A young physician learns that the failure to care can be worse than the failure to cure.
In the cooling days of autumn, I brace myself against a gust of wind as I ring the doorbell. The Filipino maid lets me in with a shy smile and immediately disappears into the kitchen.
I walk into the living room past carefully hung pictures in the hallway. In these images,a life unfolds. An awkward teenager at her 14th birthday. A confident young woman at her prom. A giddy graduate, embraced by family. A proud aunt taking nephews to the park. Temporarily soothed by the innocent normality of the collection, I glance again at a photo of her tall, graceful body and finely chiseled face framed by a luxurious mane of brown hair before walking toward her room.
From her oversized recliner, she tilts her face upward, blinking rapidly to focus her vision. Squinting, she waves her sleepy arm in greeting.
"Oh, how awfully kind of you to come!"
The trace of an accent remains from a childhood spent in England. On a small table edged against the recliner, the phone begins to ring. Groping for it, she knocks over a glass of water. By the time she's located the Talk button, the caller is gone.
"I suppose they will call back," she smiles wryly, her fury barely perceptible. She feels for a space on the table to replace the phone.
"Let me get you another glass of water, Julia," I say.
The day before a college vacation, Julia felt a lump in her breast. "I was 25 years old and ready to go on a holiday," says Julia. "I went." Three months later, the lump was still there.
"My mom died of breast cancer, so I mentioned it to the doctor. I was in the hospital the same day."
Medicine got to work with lightning haste. Four days later, Julia had had a lumpectomy and was reading about chemotherapy. She also started reading about the responsibilities of a social worker-her profession-towards children in foster care. Her chemotherapy and first job were scheduled to start closely together.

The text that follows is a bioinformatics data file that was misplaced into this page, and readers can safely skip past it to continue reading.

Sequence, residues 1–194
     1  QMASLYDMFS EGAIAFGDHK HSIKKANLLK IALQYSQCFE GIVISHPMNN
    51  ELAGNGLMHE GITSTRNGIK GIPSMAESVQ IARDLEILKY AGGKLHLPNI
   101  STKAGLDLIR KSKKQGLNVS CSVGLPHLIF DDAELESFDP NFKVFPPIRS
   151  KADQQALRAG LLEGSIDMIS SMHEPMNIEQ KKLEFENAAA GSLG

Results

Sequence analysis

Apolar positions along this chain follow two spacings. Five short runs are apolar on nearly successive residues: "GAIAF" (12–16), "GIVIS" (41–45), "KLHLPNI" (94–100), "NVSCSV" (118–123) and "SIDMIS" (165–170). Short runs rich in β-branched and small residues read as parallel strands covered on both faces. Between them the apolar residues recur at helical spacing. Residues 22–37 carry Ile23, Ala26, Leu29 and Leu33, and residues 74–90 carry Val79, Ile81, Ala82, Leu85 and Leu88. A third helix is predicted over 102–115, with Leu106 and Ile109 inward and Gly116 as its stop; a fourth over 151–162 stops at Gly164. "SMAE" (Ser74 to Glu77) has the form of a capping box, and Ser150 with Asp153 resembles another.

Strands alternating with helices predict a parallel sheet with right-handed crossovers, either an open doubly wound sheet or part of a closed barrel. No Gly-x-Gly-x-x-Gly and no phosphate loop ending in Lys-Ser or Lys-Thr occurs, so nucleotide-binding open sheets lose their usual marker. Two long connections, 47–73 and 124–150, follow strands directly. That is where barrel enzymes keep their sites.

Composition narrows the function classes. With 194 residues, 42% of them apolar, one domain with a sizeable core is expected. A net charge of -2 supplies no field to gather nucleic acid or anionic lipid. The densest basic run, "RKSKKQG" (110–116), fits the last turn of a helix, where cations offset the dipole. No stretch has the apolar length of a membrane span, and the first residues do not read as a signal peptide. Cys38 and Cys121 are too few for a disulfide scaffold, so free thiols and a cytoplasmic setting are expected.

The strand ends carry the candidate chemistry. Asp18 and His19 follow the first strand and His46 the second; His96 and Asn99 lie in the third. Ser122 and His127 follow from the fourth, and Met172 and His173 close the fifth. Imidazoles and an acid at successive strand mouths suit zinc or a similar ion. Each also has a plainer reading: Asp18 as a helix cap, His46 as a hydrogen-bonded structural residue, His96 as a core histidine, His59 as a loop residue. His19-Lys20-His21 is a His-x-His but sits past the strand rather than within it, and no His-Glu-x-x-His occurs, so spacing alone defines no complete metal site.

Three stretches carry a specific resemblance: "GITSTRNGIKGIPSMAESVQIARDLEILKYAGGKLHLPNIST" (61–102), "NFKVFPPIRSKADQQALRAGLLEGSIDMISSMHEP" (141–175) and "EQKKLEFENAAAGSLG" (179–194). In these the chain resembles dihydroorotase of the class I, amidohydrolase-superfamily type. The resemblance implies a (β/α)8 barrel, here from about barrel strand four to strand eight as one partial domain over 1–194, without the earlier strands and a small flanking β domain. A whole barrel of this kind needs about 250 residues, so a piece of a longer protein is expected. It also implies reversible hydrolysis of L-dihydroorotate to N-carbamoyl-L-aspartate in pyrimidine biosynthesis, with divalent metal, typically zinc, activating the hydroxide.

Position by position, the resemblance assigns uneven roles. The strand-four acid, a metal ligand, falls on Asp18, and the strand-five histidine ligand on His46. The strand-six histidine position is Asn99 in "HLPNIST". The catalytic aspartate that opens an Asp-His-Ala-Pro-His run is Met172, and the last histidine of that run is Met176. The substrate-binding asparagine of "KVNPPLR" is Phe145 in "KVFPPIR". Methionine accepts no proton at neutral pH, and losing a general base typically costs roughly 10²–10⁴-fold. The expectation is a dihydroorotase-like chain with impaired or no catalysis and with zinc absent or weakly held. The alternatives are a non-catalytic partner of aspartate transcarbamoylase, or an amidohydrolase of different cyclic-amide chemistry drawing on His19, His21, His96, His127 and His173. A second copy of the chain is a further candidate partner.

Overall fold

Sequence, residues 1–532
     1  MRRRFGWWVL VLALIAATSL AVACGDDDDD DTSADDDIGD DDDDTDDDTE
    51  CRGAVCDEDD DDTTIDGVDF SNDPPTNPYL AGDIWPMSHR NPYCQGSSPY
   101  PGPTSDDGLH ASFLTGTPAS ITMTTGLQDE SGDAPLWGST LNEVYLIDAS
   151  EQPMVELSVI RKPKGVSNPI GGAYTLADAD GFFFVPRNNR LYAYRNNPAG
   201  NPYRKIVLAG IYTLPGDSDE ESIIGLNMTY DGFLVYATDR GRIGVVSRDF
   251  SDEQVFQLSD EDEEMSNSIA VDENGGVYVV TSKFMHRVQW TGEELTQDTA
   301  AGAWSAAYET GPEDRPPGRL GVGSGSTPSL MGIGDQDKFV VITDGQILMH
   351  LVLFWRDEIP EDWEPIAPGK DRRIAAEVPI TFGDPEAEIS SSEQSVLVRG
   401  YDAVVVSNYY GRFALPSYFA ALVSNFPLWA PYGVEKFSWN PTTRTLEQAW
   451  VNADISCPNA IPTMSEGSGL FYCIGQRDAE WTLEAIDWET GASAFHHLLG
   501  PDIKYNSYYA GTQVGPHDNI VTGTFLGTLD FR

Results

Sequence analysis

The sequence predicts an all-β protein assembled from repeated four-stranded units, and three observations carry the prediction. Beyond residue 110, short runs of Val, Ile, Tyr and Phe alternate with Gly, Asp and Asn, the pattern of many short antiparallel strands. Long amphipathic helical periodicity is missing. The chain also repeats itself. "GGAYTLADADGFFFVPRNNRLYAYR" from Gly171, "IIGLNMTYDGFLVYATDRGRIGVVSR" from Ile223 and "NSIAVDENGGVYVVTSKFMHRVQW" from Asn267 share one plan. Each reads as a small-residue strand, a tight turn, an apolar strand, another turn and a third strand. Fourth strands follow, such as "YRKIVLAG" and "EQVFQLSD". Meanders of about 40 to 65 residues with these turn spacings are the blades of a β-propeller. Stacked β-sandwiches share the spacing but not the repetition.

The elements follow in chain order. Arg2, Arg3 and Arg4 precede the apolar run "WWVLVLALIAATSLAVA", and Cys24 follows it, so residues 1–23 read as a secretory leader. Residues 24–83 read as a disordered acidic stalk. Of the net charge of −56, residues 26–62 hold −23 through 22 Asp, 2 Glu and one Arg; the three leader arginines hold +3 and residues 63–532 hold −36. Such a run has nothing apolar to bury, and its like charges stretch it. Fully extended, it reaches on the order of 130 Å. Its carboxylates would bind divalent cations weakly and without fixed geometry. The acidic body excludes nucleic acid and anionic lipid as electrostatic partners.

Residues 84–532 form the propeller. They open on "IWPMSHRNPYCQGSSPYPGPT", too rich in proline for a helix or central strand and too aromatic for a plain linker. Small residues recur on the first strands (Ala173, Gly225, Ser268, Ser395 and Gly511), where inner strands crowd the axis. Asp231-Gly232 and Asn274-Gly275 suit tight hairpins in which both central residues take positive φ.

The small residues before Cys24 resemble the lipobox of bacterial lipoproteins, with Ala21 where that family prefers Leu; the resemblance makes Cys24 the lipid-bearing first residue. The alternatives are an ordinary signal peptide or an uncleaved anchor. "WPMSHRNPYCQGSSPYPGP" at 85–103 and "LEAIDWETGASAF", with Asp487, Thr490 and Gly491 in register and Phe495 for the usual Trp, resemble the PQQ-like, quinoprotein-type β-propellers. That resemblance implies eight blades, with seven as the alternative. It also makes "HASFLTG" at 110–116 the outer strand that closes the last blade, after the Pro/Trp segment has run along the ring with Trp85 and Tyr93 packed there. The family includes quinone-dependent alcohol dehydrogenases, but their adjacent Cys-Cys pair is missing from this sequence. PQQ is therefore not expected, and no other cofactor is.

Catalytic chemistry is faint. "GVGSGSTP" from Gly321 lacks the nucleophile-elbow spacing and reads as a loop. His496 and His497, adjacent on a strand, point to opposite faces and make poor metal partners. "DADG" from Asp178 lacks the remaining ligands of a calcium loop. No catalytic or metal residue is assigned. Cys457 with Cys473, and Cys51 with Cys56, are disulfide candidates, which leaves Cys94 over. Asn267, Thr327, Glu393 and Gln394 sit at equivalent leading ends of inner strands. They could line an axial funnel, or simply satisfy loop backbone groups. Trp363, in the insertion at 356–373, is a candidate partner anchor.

"The chemotherapy, then radiation was tiring, but I battled through them both. I really wanted to keep my first job."
The treatment kept its promise for seven years, during which Julia cherished her job, her close-knit family, and her independence.
"One day, I woke up and couldn't see properly. The oncologist diagnosed a spot behind my eye."
Soon other metastases were diagnosed and Julia embarked on more chemotherapy and radiation. "Second-line chemo merged into third-line, fourth-line and experimental-soon I lost track."
There were temporary reprieves in an otherwise bleak outlook. Julia was getting tired and unwell.
"Then one day, after I had been waiting for two hours, the oncologist came in and, without any preliminaries, declared, 'We are stopping treatment, Julia. There is nothing else.'
"'What do you mean?' I asked, bursting into tears. 'Am I dying?'
"'You have six months, maybe less,' he said. 'There is nothing else I have.'
"He was suddenly awkward and detached. I sat stunned and alone in that room for a long time and just wept. Then I came home. I will never forget that last, lonely clinic appointment."
Now she is a hospice patient. Her brain and lungs are riddled with metastases. She is blind and fully dependent on caregivers. She has lost all her hair and gained considerable weight on steroids. Her infrequent partner over the last seven years just left her. Her parents are dead and her siblings are busy with their own lives. Julia just turned 33.